The MPAA admitted Monday that it had duplicated “This Film Is Not Yet Rated” without the filmmaker’s permission after director Kirby Dick submitted his movie in November for an MPAA rating. The Hollywood trade organization said that it did not break copyright law, insisting that the dispute is part of a Dick-orchestrated “publicity stunt” to boost the film’s profile.
Woah, the MPAA admitted that it had
duplicated pirated a without the filmmaker’s permission?
“We made a copy of Kirby’s movie because it had implications for our employees,” said Kori Bernards, the MPAA’s vice president for corporate communications. She said Dick spied on the members of the MPAA’s Classification and Rating Administration, including going through their garbage and following them as they drove their children to school.
Implications for your employees? The movie is about the rating systems, of course it has implications for your employees. It’s what they do for a living! Spying is a rather large term that, without more specific definition, is not illegal. Neither is going through the garbage (once it hits the curb, it becomes public domain…or do you not watch law and order?) or following you town. Just admit that you got caught with your hand in the cookie jar, a cookie jar that apparently no one is allowed to take from:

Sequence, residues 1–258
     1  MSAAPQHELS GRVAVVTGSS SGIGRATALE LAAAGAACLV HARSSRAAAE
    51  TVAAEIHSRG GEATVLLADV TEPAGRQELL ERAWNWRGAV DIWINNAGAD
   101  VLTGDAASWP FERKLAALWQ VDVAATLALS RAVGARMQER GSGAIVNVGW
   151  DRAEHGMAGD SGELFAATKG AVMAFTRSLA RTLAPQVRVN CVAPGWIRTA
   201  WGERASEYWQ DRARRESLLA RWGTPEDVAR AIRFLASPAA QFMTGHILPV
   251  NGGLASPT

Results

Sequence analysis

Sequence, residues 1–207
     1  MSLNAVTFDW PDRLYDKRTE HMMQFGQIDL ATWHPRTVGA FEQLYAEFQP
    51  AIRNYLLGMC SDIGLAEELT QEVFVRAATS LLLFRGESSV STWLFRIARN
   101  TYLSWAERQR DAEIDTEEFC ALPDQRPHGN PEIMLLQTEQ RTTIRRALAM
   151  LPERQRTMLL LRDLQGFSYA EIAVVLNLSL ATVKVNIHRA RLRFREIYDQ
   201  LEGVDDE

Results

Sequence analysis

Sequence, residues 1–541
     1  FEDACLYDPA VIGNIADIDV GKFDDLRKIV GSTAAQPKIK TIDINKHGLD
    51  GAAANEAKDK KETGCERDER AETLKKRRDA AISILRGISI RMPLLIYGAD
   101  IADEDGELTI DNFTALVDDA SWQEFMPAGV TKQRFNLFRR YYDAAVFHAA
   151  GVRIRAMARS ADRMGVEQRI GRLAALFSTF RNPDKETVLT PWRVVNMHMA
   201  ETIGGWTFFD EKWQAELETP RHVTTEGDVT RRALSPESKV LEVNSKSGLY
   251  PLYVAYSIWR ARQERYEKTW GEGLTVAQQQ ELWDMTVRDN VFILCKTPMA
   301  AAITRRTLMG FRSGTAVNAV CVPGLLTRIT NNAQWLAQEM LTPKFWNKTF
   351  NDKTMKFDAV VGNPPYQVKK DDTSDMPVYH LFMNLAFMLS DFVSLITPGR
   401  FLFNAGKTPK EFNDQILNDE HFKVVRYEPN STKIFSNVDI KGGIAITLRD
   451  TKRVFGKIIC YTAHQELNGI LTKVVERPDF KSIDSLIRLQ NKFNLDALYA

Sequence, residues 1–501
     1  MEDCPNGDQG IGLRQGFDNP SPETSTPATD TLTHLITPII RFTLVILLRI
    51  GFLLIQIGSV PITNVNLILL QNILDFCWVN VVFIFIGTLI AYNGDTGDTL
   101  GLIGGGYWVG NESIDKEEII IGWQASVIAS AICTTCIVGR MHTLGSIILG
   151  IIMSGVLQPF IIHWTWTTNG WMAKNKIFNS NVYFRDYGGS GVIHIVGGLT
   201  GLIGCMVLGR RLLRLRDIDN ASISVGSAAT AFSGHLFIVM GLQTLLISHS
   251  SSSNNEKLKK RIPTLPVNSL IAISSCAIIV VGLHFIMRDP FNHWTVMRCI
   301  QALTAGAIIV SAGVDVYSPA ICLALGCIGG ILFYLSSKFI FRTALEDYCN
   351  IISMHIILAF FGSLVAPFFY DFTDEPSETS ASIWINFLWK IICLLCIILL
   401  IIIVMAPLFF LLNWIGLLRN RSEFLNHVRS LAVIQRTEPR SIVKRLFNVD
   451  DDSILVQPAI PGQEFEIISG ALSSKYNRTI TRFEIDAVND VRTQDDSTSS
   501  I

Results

The standard the MPAA is using for itself appears to be at odds with what the organization sets out for others: “Manufacturing, selling, distributing or making copies of motion pictures without the consent of the copyright owners is illegal,” the MPAA’s website says. “Movie pirates are thieves, plain and simple…. ALL forms of piracy are illegal and carry serious legal consequences.”
Also worth checking out: MPAA admits to unauthorized movie copying
[tags]MPAA, copyright, piracy[/tags]0